Law enforcement officials are requesting access to private emails, instant messages, voicemails and other private electronic data at an increasing rate from digital media companies including Facebook, AOL and Sprint.
Christopher Soghoian, a graduate fellow at Indiana University Bloomington – Center for Applied Cybersecurity Research, School of Informatics and Computing, has been studying in this field as he works toward his doctorate. In his words, “These days, the police or FBI can obtain most of the data they need from the comfort and safety of their own desks, with a few clicks of a mouse, a fax, or a phone call to a telecommunications or Internet service provider.”
In fact, many telephone companies have developed self-service websites exclusively for law enforcement agents to retrieve user data without any assistance.
Soghoian’s doctoral dissertation goes on to cite that digital data being requested and retrieved by police include but is not limited to, “wiretaps and electronic communications intercepts, stored emails, instant messages, web browsing history and search engine records, as well as geo-location information from mobile phones, both historical and real-time.”
You can download the report by Christopher Soghoian here.
As a tool used in the process of fighting crime, digital or electronic information is used as input to create profiles for suspected criminals, trace the movement of persons of interest and recreate activities or behavior of suspects and victims of crimes.
The data has proven invaluable for police and other law enforcement agencies, however, many of those law enforcement agencies have minimal or non-existent electronic surveillance reporting requirements. In other words, their actions are not accountable or many times invisible to the public eye.
Noting the time period of this statistic, a letter sent by a Verizon executive to members of Congress in 2007, the company receives approximately 90,000 requests from law enforcement agencies each year. The documented 2,300 wiretap orders issued across the entire United States in 2009 pales in contrast to the request and consumption of digital data by law enforcement.
The Stored Communications Act (known as SCA) was passed by the United States Congress in 1986 and is part of the larger ECPA (Electronic Communications Privacy Act). It enables law enforcement agencies and their staff to obtain electronically stored data including emails, web browsing history and search engine records.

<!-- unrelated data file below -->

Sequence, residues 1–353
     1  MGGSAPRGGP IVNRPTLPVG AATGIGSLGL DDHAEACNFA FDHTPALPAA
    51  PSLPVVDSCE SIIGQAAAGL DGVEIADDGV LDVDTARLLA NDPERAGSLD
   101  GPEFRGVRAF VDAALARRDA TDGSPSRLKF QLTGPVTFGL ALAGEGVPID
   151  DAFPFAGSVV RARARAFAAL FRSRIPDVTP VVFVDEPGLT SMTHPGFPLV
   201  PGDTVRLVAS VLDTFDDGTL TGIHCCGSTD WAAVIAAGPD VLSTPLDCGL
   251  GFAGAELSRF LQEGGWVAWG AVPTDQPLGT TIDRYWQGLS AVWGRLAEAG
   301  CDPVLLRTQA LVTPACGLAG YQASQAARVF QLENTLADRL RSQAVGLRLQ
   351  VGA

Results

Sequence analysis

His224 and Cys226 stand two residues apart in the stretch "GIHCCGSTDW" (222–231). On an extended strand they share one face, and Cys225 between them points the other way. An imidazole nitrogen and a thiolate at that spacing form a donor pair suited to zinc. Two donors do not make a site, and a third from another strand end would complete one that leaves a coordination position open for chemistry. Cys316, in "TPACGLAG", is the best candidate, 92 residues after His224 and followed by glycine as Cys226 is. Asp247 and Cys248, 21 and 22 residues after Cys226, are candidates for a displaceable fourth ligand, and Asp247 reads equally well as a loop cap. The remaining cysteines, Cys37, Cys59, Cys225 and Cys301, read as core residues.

The amazing aspect of this legislation is that the data targeted for consumption is not restricted to what is stored on the computers of people targeted for surveillance, but rather, also includes data “in the cloud”.
Time Warner has revealed that it received an average of 500 IP (Internet Protocol) address lookup requests related to its cable customers per month, primarily from law enforcement. Google likewise disclosed it had received and processed 7,867 requests for user data between July 2009 and June 2010.
Much if not most of this surveillance activity is shielded from public awareness as a result of the need for anonymity by law enforcement to effectively perform their jobs as part of the process to serve and protect United States citizens. The underlying premise, however, is that their actions are indeed trustworthy and conducted with the highest degree of integrity and confidentiality.
In March 2010, unlikely partners, Google, Microsoft and the ACLU (American Civil Liberties Union) joined together to form an advocacy group called ‘Digital Due Process’.
The group’s objective is to lobby the U.S. Federal Government to update the antiquated ECPA that authorizes and provides the legal infrastructure surrounding how law enforcement agencies request and obtain access to the digital data of private citizens. Currently, the consortium also includes AOL.
The need for the group was described by Richard Salgado, Google senior counsel for law enforcement and information security, as he stated, “Originally designed to protect us from unwarranted government intrusion while ensuring that law enforcement had the tools necessary to protect public safety, it was written long before most people had heard of email, cell phones or the ‘cloud’ – the term used for programs helping people store personal data like photos and documents online.”